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What's Behind Arraez's August Struggles?


Cody Pirkl
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Luis Arraez has had a tremendous season, likely earning the title of Twins MVP so far. He looked to be on track for a career year through the end of July, but then came a confusing August. What went wrong for the Twins leadoff man in the dog days of summer?

 

In case you haven’t heard, Luis Arraez is an incredible hitter. In the era of trying to do as much damage as possible on every swing, Arraez waits out opposing pitchers and is just as happy to take a walk or squeak an opposite-field grounder through the hole as he is to drive the ball over the fence. In addition to how fun it is to watch his unique style, Arraez is also quite good. He’s been an above-average hitter by wRC+ in every month of 2022, which makes an August slump hard to complain too much about. Make no mistake, however, Arraez has hit a skid over the last month. What could be the cause?

.269/.316/.394, a .710 OPS for Arraez in August. While still 4% above a league-average hitter in that time, it’s a far cry from the .338/.411/.445 line he posted in the first four months. Hitters slump, and oftentimes those slumps look a lot worse than what Arraez has done in August. Still, it’s worth exploring what could be going on.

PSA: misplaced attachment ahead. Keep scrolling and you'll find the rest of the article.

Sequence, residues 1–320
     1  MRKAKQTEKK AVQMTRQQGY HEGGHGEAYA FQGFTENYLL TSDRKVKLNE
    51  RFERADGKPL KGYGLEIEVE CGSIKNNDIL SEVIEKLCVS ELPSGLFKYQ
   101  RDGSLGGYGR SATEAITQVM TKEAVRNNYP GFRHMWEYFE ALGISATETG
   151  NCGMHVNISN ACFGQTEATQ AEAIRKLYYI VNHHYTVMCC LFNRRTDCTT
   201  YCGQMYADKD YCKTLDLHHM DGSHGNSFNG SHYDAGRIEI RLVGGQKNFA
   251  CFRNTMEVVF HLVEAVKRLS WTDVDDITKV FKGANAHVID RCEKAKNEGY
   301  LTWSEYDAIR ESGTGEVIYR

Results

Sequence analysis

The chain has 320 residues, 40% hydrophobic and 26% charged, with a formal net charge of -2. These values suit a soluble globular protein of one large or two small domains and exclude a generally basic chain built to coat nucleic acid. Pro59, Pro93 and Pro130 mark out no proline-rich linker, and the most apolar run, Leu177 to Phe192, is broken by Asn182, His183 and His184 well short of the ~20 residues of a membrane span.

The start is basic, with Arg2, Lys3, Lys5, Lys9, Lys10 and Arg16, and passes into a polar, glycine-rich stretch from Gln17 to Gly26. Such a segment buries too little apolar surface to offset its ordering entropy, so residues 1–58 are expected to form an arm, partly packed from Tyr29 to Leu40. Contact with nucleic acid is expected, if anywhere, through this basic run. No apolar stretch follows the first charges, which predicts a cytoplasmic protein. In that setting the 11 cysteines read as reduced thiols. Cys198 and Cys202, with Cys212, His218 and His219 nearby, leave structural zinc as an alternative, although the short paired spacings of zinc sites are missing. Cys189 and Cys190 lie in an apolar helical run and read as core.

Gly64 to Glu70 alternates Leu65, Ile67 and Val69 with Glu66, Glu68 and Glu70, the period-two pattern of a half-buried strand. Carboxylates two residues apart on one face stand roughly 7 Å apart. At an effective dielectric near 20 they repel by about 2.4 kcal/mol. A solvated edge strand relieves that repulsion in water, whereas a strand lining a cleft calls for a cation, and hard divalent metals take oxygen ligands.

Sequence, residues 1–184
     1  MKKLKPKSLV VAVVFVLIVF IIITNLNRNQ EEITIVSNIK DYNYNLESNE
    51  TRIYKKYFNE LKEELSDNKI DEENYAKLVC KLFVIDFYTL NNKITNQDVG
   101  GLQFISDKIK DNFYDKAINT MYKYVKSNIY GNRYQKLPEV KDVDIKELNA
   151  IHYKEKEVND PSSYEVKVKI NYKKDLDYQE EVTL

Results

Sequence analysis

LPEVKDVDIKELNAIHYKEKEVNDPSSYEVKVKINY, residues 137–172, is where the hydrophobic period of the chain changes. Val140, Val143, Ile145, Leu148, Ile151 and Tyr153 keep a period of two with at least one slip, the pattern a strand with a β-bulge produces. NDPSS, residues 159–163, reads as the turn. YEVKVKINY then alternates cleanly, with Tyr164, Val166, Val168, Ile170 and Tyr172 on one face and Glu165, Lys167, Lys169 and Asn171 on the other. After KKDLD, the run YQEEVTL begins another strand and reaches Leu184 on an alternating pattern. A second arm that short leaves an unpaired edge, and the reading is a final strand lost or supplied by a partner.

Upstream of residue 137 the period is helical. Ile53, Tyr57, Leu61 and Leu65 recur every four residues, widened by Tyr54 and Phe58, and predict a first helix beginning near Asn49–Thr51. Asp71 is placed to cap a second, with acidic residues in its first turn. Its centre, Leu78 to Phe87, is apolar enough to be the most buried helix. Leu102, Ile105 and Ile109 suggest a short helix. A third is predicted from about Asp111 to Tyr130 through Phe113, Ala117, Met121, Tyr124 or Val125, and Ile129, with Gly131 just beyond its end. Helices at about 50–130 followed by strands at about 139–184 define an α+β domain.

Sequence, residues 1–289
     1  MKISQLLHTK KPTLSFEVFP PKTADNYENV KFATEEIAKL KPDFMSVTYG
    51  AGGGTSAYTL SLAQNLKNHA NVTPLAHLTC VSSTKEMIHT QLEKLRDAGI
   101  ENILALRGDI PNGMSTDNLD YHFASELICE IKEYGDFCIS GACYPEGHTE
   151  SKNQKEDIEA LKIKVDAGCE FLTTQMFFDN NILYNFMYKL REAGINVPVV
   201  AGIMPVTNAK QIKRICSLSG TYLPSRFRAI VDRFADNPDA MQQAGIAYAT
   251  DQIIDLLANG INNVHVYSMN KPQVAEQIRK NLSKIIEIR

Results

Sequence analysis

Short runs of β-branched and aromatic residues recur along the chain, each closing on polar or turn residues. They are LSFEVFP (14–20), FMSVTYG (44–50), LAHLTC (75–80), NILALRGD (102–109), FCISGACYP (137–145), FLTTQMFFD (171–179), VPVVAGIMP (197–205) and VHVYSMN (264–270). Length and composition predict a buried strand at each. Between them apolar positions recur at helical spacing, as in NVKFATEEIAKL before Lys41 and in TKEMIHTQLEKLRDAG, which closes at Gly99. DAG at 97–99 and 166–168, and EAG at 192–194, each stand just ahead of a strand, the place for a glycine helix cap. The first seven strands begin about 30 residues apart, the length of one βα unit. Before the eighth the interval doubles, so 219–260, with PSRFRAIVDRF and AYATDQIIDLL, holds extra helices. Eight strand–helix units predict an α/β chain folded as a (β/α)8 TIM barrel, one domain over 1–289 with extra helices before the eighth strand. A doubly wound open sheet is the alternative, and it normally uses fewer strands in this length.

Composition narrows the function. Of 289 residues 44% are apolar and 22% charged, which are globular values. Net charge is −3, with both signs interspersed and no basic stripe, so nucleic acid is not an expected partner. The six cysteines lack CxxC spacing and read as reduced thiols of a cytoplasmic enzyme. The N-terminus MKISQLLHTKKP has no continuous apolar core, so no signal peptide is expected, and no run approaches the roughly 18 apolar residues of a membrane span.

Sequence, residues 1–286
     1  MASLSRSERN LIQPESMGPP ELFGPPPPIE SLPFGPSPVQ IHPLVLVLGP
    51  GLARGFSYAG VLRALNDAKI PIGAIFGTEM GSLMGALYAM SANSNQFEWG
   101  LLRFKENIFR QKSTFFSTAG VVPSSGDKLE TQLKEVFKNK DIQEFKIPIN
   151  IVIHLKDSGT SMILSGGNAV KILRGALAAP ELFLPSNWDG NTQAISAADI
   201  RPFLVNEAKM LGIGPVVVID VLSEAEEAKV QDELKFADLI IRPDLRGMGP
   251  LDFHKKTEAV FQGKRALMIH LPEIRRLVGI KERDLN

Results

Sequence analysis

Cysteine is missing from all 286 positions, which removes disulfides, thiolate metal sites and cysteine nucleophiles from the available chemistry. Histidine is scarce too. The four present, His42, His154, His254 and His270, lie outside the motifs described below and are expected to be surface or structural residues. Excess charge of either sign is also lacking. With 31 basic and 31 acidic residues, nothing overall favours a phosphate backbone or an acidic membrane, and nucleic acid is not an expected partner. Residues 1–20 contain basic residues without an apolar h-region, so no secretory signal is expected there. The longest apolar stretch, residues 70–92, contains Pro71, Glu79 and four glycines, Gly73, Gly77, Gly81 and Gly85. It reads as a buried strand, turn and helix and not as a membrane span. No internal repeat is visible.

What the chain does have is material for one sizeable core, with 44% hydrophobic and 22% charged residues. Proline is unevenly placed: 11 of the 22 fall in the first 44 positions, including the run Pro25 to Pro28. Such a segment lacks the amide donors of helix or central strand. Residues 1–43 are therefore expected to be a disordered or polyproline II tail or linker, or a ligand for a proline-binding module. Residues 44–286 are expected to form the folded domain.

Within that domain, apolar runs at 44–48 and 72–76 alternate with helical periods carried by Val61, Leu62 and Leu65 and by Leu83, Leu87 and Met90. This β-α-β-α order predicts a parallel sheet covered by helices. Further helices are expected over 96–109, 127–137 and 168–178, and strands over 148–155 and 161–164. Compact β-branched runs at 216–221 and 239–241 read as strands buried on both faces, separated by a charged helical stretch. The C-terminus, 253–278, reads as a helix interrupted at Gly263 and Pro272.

There have been a few narratives floated about Arraez’s struggles. The first of which has been an increase in fly balls, perhaps in pursuit of more power from the Twins leadoff man. Looking back, it’s easy to remember several lazy fly balls Arraez has produced. His 25.7% flyball rate in August is perfectly acceptable and is lower than the rate he produced in April and July in which he posted a .783 and .817 OPS respectively.

The second has been a decline in the quality of his at-bats, particularly an increase in chase rate. Again, this mark has not seen a spike, and saw a decrease from July. And so it’s time to explore the simplest explanation for the decline in Arraez’s struggles: Impacting the baseball.

His struggles are actually quite simple and yet very complicated. Arraez simply isn’t hitting the ball as hard. For the last three seasons, Arraez’s hard hit rate hovered just above 30% for reference. In August, he posted a 20.8% mark. While this explains his struggles, the complicated question becomes why.